All About Flame Tree | How to Keep It Flourishing
Indigenous to Australia, Illawarra flame trees are a sight to see. They bloom only every three to five years under ideal circumstances, but their attractive palmate foliage, which grows in compact canopies resembling lobed Acer leaves, is a major draw for gardeners. This article will discuss the growth and care of this flame tree in your home garden. Keep reading to know everything in detail.
Illawarra Flame Tree’s Natural Habitat
The Illawarra flame tree grows to around 35 metres in height in its native environment due to competition from other trees and the need to outgrow them to access the sun. Insights like these provide crucial information for optimising their growth in your gardens.
An Illawarra tree probably won’t grow to its full height of 35 metres in our gardens, but it should still reach a respectable 10 metres. Its roots, however, will expand outward by the same amount, so it’s best to place these spectacular trees some distance from the home.
The Illawarra tree, found in the rainforests of Eastern Australia, actively seeks out the sun, especially during the noon hours, when its canopy is at its most photogenic, but it maintains its roots in the shadow to prevent them from drying up.
Without additional trees, it may be difficult to replicate this effect in your gardens, but a ground cover of nasturtiums or geraniums can be an easy-to-manage alternative to produce shade around the roots of flame trees. Whenever you order these plants online in Sydney, ask everything about their care from the vendor.
Illawarra Flame Tree Care Guide
Putting down mulch every spring is a must if you want your Illawarra tree to thrive. This isn’t vital for nutritional absorption, but it does provide a more natural habitat for these forest trees, which like to have their crowns basking in the sun while their roots repose in the cool shade.
Keep a ring around the trunk open while mulching a flame tree to allow air circulation at the tree’s base, and then add a skirt of mulch 1–2 inches thick around the tree’s roots.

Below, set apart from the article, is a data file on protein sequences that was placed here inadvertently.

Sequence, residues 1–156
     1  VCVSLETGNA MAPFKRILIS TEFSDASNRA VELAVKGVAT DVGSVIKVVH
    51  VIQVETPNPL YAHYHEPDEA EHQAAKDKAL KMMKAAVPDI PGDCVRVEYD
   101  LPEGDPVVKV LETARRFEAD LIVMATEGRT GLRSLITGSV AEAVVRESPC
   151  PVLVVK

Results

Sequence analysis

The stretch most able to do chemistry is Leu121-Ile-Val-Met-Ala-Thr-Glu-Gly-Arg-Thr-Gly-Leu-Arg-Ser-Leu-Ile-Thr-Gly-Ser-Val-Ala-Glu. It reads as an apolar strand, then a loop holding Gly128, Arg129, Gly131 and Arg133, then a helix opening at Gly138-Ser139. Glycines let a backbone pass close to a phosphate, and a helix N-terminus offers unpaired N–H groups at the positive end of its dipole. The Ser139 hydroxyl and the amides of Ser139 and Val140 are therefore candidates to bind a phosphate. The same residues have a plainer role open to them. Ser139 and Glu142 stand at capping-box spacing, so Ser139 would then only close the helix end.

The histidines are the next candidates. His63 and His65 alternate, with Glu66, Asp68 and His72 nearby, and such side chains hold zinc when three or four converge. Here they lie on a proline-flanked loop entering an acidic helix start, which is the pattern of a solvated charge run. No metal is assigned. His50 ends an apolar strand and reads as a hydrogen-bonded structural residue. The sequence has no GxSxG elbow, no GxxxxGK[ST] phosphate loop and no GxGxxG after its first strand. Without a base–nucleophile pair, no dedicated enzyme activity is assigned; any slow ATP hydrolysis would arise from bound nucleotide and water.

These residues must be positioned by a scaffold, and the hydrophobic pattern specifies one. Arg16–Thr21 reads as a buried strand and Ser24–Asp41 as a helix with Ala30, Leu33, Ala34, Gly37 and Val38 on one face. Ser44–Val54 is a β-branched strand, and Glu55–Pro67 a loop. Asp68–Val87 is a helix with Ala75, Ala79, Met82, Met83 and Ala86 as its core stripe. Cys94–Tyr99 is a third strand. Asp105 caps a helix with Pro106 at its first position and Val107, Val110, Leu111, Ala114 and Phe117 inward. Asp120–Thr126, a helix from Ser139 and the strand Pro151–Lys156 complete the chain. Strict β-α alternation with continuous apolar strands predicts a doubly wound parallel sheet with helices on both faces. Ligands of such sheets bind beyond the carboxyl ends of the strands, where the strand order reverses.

Although they require consistent watering while they’re getting started, flame trees may tolerate summer droughts after they’ve been planted in the garden for four or more years.
Most mature native trees can endure periods of drought, and flame trees are especially resilient.
Fertilisers aren’t necessary for flame trees, but if they’re not thriving in your soil, you can find out what kinds to use in the pest and disease guidelines below.
As with native trees, mature flame trees are great for bird watching. Due to the presence of nests, late spring, summer, and fall are the worst times to cut Illawarra flame trees because of the foliage.
Flame trees are best pruned in the winter to promote new growth and more fanned branches, which may lead to larger canopies on shorter trees.
Australian Flame Tree Pests
The Dichocrocis Clytusalis moth is home to the Kurrajong leaf-tier caterpillar. Caterpillars lay their eggs on the leaves of native trees and shrubs, where they will feed on the tender new growth until they are ready to pupate and fly south as adults in the fall.
Extreme fungal diseases may result from this. However, trees in sunny locations normally bounce back. These annoying caterpillars are best dealt with by slicing apart leaf bundles enclosing them, and letting the birds feast on the caterpillars.
The Bottom Line
The Illawarra flame tree should be at the top of your list of must-have plants if you want to cultivate a genuine native paradise in your own garden. Red bell-shaped blossoms on these native trees are a magnet for birds and other animals and may be used as bush tucker with little work.